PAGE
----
• Keep marketing messages consistent
  • Share customer feedback
  • Create sales enablement assets that help sales win deals
  • Communicate freely about workflow, challenges, and wins

Sales’ Commitment to Marketing

A detailed description of the activities that sales will carry out to ensure that the collaboration is successful, such as:

  • Share sales results
  • Share insights into buyer behavior
  • Communicate freely about workflow, challenges, and wins
  • Keep marketing up to date on marketplace dynamics
  • Tell marketing which content works and which content doesn’t
  • Share buyer feedback

Communication

  • List the primary people in each team who will communicate with the other team
  • Describe how the two teams will collaborate and share results
  • Schedule when the two teams will collaborate and share results
  • Agree upon definitions for vital things, such as:
    • Contact
    • Lead
    • Prospect
    • Marketing Qualified Lead
    • Sales Qualified Lead
    • Stages of the buyer's journey
    • Stages of the sales pipeline

Remedies and Consequences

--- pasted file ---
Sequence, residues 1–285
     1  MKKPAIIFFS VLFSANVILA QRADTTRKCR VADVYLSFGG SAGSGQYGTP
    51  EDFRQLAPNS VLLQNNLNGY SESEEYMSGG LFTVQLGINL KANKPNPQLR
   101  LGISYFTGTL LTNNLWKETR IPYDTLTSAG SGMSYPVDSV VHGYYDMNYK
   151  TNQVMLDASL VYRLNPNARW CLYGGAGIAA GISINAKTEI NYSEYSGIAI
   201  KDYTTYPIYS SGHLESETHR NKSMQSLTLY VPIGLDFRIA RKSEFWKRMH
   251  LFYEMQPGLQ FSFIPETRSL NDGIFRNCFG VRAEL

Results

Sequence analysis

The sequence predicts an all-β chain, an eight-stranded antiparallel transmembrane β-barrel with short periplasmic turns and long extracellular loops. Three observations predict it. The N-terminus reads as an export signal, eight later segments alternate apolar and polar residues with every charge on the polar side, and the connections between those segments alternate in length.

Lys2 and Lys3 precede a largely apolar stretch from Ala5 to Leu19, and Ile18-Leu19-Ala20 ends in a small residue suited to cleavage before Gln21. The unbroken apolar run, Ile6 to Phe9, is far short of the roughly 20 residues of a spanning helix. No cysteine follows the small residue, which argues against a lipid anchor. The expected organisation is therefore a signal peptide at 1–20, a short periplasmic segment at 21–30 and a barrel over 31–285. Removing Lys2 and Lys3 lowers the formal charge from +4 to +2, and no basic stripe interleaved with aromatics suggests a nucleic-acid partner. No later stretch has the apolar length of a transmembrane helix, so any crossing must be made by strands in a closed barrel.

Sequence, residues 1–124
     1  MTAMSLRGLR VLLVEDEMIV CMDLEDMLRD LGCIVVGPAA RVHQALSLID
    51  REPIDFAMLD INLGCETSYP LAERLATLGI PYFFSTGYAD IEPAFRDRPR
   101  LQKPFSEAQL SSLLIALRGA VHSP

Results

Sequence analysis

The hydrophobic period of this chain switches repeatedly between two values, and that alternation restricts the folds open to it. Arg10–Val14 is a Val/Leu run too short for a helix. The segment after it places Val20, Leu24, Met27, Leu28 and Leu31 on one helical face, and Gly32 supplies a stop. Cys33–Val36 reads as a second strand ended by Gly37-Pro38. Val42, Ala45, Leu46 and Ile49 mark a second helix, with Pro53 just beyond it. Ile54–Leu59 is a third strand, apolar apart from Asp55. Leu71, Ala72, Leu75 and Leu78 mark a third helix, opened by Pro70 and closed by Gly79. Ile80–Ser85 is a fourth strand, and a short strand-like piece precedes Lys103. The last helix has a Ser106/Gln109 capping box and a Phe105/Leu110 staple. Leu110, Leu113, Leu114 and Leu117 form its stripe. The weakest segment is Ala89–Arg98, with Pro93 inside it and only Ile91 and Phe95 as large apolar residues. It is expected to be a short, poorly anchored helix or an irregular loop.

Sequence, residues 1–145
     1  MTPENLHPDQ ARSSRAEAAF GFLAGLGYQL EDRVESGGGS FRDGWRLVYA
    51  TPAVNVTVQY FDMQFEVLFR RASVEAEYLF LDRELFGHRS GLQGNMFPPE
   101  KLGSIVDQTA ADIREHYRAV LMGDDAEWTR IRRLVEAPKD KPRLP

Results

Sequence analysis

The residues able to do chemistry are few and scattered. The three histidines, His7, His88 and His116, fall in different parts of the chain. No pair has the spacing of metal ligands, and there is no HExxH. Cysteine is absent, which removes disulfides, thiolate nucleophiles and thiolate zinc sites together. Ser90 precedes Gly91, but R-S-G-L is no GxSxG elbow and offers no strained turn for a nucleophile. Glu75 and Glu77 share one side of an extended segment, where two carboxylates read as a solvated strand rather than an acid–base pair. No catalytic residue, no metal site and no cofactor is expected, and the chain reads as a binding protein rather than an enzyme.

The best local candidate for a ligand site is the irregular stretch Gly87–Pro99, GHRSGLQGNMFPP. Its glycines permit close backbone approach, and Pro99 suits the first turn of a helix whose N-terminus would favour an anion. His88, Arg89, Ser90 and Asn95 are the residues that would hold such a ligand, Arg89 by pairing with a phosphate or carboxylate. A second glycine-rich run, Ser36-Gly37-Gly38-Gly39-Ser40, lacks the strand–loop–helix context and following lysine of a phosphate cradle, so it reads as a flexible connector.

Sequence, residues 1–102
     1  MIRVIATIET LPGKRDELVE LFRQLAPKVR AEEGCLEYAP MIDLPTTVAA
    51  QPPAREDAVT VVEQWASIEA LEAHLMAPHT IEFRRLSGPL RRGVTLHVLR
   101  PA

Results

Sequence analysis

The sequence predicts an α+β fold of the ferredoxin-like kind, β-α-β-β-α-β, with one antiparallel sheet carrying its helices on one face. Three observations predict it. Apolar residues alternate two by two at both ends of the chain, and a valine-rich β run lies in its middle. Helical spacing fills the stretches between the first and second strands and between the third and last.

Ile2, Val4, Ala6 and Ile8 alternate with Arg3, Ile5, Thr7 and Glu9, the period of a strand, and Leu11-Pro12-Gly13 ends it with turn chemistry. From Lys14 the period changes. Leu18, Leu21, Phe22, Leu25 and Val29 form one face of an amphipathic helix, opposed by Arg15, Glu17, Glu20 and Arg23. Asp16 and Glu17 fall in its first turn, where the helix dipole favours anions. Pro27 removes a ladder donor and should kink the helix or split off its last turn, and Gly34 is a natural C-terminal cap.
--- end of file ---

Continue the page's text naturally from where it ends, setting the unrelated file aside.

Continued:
• Describe how disagreements are to be discussed, negotiated, and resolved
  • Describe the consequences if both sides fail to meet a shared goal
  • Document how and when the SLA is to be reviewed
  • Describe when and how the SLA is to be revised or canceled

 

Conclusion

Are you committed to aligning your sales and marketing teams? Put that commitment into writing with an SLA. With both teams working from a documented SLA, you increase buyer engagement, create a better go-to-market strategy, increase revenue, stay ahead of your competitors, and reach shared goals sooner. If you want to see what this looks like in real life, watch an instant replay of our webinar, Proven Methods for Aligning Your Sales and Marketing Teams.